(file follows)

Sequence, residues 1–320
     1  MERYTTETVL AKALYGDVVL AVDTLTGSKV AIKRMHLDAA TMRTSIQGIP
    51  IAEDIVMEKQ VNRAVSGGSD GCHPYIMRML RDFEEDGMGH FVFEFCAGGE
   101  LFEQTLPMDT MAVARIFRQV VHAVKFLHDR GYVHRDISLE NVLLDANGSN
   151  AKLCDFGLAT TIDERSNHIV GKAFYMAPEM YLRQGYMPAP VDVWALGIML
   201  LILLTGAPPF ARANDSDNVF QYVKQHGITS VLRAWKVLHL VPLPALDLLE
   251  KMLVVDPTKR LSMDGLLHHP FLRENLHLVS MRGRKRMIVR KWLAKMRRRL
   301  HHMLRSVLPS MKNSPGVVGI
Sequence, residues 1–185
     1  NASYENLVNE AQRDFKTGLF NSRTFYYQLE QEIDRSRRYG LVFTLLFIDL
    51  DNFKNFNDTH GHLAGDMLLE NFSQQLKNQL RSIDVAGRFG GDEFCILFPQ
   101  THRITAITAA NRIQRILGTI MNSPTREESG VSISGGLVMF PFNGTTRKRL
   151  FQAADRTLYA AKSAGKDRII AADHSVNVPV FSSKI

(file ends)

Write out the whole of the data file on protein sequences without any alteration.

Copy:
Sequence, residues 1–320
     1  MERYTTETVL AKALYGDVVL AVDTLTGSKV AIKRMHLDAA TMRTSIQGIP
    51  IAEDIVMEKQ VNRAVSGGSD GCHPYIMRML RDFEEDGMGH FVFEFCAGGE
   101  LFEQTLPMDT MAVARIFRQV VHAVKFLHDR GYVHRDISLE NVLLDANGSN
   151  AKLCDFGLAT TIDERSNHIV GKAFYMAPEM YLRQGYMPAP VDVWALGIML
   201  LILLTGAPPF ARANDSDNVF QYVKQHGITS VLRAWKVLHL VPLPALDLLE
   251  KMLVVDPTKR LSMDGLLHHP FLRENLHLVS MRGRKRMIVR KWLAKMRRRL
   301  HHMLRSVLPS MKNSPGVVGI
Sequence, residues 1–185
     1  NASYENLVNE AQRDFKTGLF NSRTFYYQLE QEIDRSRRYG LVFTLLFIDL
    51  DNFKNFNDTH GHLAGDMLLE NFSQQLKNQL RSIDVAGRFG GDEFCILFPQ
   101  THRITAITAA NRIQRILGTI MNSPTREESG VSISGGLVMF PFNGTTRKRL
   151  FQAADRTLYA AKSAGKDRII AADHSVNVPV FSSKI